The “spherical blackboard” is an elementary part of the statistical theory of shape developed by the late David Kendall and his collaborators. It helps to answer questions of the kind: if a triangle is formed by three points placed at random in a plane region, what is the probability that the triangle belongs to a certain class of shapes?
These notes attempt to explain the theory of the spherical blackboard from an elementary point of view. The theory is then applied to answer the question: If three sites have independent uniform distributions inside a circle or square, what is the probability that the triangle is nearly rightangled, i.e. contains an angle in the range [π/2−ε,π/2+ε], where ε is a predefined small tolerance? This question arises e.g. from F. W. Holiday’s book The Dragon and the Disc, which draws attention to large rightangled triangles formed by ancient sites in the landscape. (Such theories of leys and landscape geometry are discussed statistically in Bob Forrest’s essay The Linear Dream.)
The full theory of shape [Ref. 1] applies to any number of points in any number of dimensions. These notes are confined to 2 dimensions and for the most part to 3 points.
An ordered set of n points in the plane (n≥2) has a shape, in Kendall’s sense, provided only that the n points do not all coincide. Let (P_{1},…,P_{n}) and (Q_{1},…,Q_{n}) be two such ordered sets; these sets of points have the same shape iff there is a combination of rotation, translation and scaling (dilatation) that takes P_{j} to Q_{j} ( j=1,…,n). Formally: if we express this relation by (P_{1},…,P_{n})∼(Q_{1},…,Q_{n}), then ∼ is clearly an equivalence relation, and the shape of (P_{1},…,P_{n}) is the equivalence class to which it belongs.
Note that the labelling (i.e. ordering) of the points is important. In Fig. 1, the two sets of points (A,B,C) form congruent triangles but have different shapes, in Kendall’s sense, because the labelling is different.
The 6 ways of labelling a given triangle will usually produce 6 different shapes. The exceptions are: equilateral triangle (2 shapes); and collinear triangle with one point midway between the other two (3 shapes).
Let (x_{j},y_{j}) and (u_{j},v_{j}) ( j=1,2,…,n) represent two npoint shapes. Keeping the (u_{j},v_{j}) fixed, we transform the (x_{j},y_{j}) into (x_{j}′,y_{j}′) by translation, scaling and rotation so as to minimize

By definition of shape, the minimum value will be 0 iff the sets (x_{j},y_{j}) and (u_{j},v_{j}) have the same shape. In general, the minimum value, with suitable scaling, can be used to define a distance between the shapes.
Consider first translation alone. The optimal translation (a,b) is that which minimizes



and this is minimized by a=∑(x_{j}−u_{j})/n, b=∑(y_{j}−v_{j})/n. Hence a necessary condition for a minimum is that the centroid of the (x_{j},y_{j}) should coincide with the centroid of the (u_{j},v_{j}). From now on, assume that this condition holds, and assume w.l.o.g. that the common centroid is at the origin.
Rotation and scaling can be dealt with together, by considering the transformation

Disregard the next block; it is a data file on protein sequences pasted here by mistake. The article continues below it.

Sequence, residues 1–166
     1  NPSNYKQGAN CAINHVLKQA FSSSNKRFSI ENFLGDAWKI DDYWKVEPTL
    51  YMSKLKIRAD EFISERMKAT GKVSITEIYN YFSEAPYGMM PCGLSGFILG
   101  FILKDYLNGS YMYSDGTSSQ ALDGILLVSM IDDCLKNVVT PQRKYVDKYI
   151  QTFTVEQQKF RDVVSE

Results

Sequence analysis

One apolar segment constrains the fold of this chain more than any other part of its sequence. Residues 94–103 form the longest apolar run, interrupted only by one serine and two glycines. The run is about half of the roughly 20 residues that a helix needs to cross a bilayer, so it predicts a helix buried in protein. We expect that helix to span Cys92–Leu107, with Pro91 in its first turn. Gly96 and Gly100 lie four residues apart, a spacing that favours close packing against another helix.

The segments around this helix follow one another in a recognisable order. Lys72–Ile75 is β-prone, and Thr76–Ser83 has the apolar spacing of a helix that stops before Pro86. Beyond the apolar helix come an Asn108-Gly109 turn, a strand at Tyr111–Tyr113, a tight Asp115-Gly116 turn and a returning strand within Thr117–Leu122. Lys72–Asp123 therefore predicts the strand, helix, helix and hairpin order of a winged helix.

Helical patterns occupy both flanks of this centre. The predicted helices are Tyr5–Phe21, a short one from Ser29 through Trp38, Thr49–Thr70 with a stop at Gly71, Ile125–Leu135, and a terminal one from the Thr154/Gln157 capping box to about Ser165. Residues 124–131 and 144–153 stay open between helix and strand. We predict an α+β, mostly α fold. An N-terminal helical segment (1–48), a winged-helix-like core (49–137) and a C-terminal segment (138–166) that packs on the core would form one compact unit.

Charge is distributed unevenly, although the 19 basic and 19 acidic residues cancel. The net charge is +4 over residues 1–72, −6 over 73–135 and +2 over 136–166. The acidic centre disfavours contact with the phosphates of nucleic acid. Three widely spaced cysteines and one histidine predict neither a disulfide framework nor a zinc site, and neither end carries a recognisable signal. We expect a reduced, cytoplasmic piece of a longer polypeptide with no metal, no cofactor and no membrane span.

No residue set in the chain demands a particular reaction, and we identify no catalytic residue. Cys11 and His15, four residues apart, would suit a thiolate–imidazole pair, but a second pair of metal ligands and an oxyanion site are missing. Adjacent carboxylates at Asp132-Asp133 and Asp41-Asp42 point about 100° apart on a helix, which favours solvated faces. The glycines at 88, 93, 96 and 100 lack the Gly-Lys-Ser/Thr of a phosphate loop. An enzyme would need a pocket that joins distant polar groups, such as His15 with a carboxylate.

where α and β are chosen to minimize
 

Since ∑(x_{j}^{2}+y_{j}^{2})≠0 (else the (x_{j},y_{j}) would all coincide, contrary to hypothesis) the minimum is attained by taking

and the minimum value is

This value depends on the scaling of the (u_{j},v_{j}), but if we divide by ∑(u_{j}^{2}+v_{j}^{2}) we can define the squared distance between the shapes by
 (1) 
where 0≤D≤1. This definition assumes that the centroids of the point sets (x_{j},y_{j}) and (u_{j},v_{j}) are at the origin, but is independent of scaling and rotation.
If we identify the points with complex numbers, say z_{j}=x_{j}+iy_{j}, w_{j}=u_{j}+iv_{j}, then

where * denotes the complex conjugate.
We have not shown that the distance D so defined satisfies the triangle inequality, but for n=3 this will follow from the discussion below, in which D is identified with a certain distance in 3dimensional Euclidean space.
The following way of defining a triangle shape is often used in the literature. Fix a distance k>0, which is to be the same for all triangles. Given a triangle ABC, scale so that AB=2k. (Here we must exclude the triangle shape that has A=B, but this is not a serious restriction.) Take the origin of (x,y)axes at the centroid G, with Gx parallel to AB (see Fig. 2).
Let the median through C have length r, so that GC=2r/3, and let φ be the direction of GC, measured anticlockwise from the xaxis.
Clearly the shape of the triangle is determined by r and φ. Given two such shapes, determined by (r_{1},φ_{1}) and (r_{2},φ_{2}) respectively, a short calculation shows that the ditance D between the shapes is given by

This suggests the choice k=1/√3. The distance can then be put as

If for j=1,2 we set r_{j}=tan(θ_{j}/2), where 0≤θ_{j}<π, then the last equation becomes

It is easy to check that this is the distance between two points (φ_{1},θ_{1}) and (φ_{2},θ_{2}) on a sphere of radius 1/2, where φ is the longitude and θ is the colatitude (i.e. π/2− latitude). This observation by Kendall is the basis of the “spherical blackboard”.
The distance D so defined is the distance along the chord between the two points. Kendall [Ref. 2] uses the distance along the surface of the sphere, which is sin^{−}^{1}D.
We have seen that the triangle shape defined by (r,φ), as in Fig. 2, corresponds to the point (θ,φ) on a sphere of radius 1/2, where r=tan(θ/2). This correspondence can be defined in a simple geometrical way, as in Fig. 3.
Here O is the pole θ=0 on the sphere and P is the opposite pole θ=π. In the tangent plane at O take (x,y)axes so that Ox lies in the plane φ=0 and Oy lies in the plane φ=π/2. Since OP=1, the point C=(r,φ) in the plane corresponds to S=(θ,φ) on the sphere by stereographic projection from P. The point P itself does not correspond to any point in the plane; it corresponds however to the missing triangle shape with A=B.
In the literature, a probability density on the sphere may be expressed in terms of a probability density in the (x,y) plane. To convert between them, note that a small element of area δA at S is projected into an element of area (1+r^{2})^{2}δA at C, where r=OC.